Thursday, October 06, 2005

Not Studying Japanese and Me

I’m going to get a big geekish for a minute and talk about my Japanese studies.

I’ve decided NOT to take the Japanese proficiency test this year. This will mark the second year of non-taking the test, after 2 years in a row of taking it. Last year I missed out on it by mistake. This year it was a conscious decision.

As I’ve mentioned on this weblog previously, I’ve more or less given up studying Japanese. I was going really hard at it for a long time, and then I just lost enthusiasm last year.

I kept taking Japanese classes however. Class by itself will only get you so far without private study, but just by virtue of the fact that I was taking classes 2 times a week plus attending tutoring sessions on Wednesday night, I was still somewhat making progress despite the fact I wasn’t officially studying.

Now that my teacher has fallen sick and the Japanese classes suddenly canceled, I’m left with only the Wednesday night tutoring sessions. And I’m trying to keep up on my listening as well with various tapes and CDs I have: Japanese music, the New Testament in Japanese on tape, the Mishima/ Zengakuren debates, etc.

But as far as sitting down and seriously memorizing kanji or learning grammar, I feel those days are over.

There are a million reasons why I’m easing off. I’m fairly certain I’ll leave Japan in March, so now that the end is in sight, a lot of motivation is lost. I don’t foresee seeking employment in any field related to Japan, and even if I did I would need years more of study to get my Japanese up from daily conversation to professional employment level.

Also as I’m feeling like I’ve stayed too long in Japan, I’m starting to lose interest in all things Japanese. Reading an English book or writing on this weblog seems like a much better way to keep sanity than studying kanji figures.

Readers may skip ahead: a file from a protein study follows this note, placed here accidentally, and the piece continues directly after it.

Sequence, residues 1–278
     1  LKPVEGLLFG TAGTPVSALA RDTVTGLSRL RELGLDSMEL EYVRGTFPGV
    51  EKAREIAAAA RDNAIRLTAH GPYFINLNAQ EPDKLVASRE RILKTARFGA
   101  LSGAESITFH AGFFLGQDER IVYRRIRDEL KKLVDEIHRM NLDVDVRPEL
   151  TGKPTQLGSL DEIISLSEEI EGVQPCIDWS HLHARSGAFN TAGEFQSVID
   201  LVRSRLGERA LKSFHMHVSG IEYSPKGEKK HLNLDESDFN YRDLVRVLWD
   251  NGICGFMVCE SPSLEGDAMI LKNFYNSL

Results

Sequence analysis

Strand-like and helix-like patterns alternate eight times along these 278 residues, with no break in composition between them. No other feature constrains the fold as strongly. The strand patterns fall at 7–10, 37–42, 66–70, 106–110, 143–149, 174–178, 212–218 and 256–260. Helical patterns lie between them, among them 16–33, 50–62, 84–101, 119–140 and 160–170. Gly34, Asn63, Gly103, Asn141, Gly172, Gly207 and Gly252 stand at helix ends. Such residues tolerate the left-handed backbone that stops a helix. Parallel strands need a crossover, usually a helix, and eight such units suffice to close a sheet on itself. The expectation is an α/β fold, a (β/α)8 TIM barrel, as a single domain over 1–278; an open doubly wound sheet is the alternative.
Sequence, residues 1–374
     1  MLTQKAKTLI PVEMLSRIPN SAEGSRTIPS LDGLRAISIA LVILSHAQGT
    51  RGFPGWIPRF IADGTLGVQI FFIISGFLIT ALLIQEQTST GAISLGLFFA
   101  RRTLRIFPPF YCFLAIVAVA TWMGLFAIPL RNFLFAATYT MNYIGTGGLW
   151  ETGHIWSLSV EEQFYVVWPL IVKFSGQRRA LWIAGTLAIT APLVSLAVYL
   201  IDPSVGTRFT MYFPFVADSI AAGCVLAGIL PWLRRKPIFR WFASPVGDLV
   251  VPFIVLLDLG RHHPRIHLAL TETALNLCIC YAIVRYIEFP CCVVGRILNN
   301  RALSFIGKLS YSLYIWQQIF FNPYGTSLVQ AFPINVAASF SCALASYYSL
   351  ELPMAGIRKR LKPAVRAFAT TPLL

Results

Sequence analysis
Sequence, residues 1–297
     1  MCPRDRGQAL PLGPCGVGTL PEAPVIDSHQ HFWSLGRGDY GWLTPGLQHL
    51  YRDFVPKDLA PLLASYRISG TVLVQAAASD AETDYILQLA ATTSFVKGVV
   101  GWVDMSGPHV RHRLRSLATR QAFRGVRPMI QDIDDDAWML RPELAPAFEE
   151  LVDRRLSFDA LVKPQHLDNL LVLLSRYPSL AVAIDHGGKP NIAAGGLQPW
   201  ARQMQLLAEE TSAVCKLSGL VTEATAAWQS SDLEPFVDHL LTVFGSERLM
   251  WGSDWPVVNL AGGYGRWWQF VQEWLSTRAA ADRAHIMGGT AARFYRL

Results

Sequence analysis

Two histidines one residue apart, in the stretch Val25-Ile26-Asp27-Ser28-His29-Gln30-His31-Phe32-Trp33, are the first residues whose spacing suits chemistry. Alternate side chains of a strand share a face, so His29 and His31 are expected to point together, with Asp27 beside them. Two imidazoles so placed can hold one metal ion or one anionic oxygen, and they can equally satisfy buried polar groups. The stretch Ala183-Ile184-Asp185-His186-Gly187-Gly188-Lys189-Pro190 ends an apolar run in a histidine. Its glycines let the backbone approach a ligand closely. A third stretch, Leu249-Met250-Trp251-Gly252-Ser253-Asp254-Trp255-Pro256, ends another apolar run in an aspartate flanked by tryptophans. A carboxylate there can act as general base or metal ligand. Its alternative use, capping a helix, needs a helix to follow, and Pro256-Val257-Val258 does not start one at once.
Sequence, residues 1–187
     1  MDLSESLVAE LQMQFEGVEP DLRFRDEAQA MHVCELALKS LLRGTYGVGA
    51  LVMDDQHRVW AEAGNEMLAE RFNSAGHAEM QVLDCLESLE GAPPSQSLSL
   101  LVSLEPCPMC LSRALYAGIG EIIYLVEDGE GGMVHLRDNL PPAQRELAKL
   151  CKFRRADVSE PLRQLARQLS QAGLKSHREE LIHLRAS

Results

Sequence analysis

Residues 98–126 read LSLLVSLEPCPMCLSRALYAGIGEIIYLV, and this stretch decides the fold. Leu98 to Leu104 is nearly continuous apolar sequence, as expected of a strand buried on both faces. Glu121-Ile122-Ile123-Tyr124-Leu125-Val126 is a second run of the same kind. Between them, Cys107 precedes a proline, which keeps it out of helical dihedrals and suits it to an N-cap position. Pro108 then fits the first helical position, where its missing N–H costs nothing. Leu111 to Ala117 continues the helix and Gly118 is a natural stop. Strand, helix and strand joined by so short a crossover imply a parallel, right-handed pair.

Certainly when I compare myself to four years ago, when I first arrived in Japan and didn’t know a thing, I’ve made a lot of progress. I realized that especially this summer when I saw the new JETs come in.

But I’ve also reached a point where I’m realizing my limitations as well. When I first arrived in Japan, I thought that if I would just study hard enough, fluency was achievable. Now 4 years later I find myself realizing that I’ll never be fluent. I still find myself flubbing basic grammar patterns I should have learned long ago. No matter how much I study them, they never become second nature as my native language does, and I frequently mess up when I’m speaking quickly. I still speak with a heavy American accent that makes it hard for Japanese people to understand me sometimes. And after 4 years, I’m still a long ways away from understanding everything that goes on around me, or doing things like reading a Japanese newspaper or magazine.

I’m sure if I studied more it would improve slightly, but right now I just don’t feel like dealing with it.

Link of the Day
I know I've been linking to a lot of audio files. My apologies to you who are reading this at work or don't have high speed internet or can't join in the fun. But there's just so much good stuff to listen to out there.

This NPR show in which Christopher Hitchens talks about Thomas Jefferson is absolutely fascinating. I know, I know, Christopher Hitchens isn't my favorite person right now either, but he has some interesting thoughts on Jefferson.

When you're done with that, give your inner-geek a treat with this interview with Stan Lee. (The creater of Spider Man,...But of course you knew that.)

2 comments:

bill naka said...

I have a auto blue book site. It pretty much covers auto blue book related stuff. Check it out if you get time :-)

vegetarian w/ leather jacket said...

Yeah, I know what you mean about the Asian languages...Chinese just started to seem so pointless after a while....I heard it takes AT LEAST 6 years to gain fluency and, with the progrss I was making, I was like screw it!....I don't want to live or work in China. I don't want to do Asian studies. It would be totally pointless to put in the time to learn this language...No way!...and I've heard Japanese, at least the written language and probably grammar, is harder (no tones, though!...trust me, to us westerners...these are truly an instrument of eveil!)...so, anyway, I had totally convinced myself I was 'language dumb'...(after all, I never been the most fluid speaker, even in my own language..), but, now, I'm taking Spanish. After only a month of studying, I feel like I can totally learn this language. And it will be way, way more useful for me, as I want to go into non-profit community work....which, in turn, probably helps my motivation and ease of learning....